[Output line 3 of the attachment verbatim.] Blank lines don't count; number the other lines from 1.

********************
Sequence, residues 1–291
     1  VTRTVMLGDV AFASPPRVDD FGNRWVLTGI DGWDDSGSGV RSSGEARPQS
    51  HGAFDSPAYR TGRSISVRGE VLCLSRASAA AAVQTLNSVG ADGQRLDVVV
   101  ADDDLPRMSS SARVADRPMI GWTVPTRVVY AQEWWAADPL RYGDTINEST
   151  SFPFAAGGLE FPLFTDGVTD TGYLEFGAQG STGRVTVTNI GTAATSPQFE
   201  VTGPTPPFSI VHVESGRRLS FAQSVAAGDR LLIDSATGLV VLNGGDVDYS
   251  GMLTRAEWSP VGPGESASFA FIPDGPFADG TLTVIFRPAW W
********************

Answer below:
    51  HGAFDSPAYR TGRSISVRGE VLCLSRASAA AAVQTLNSVG ADGQRLDVVV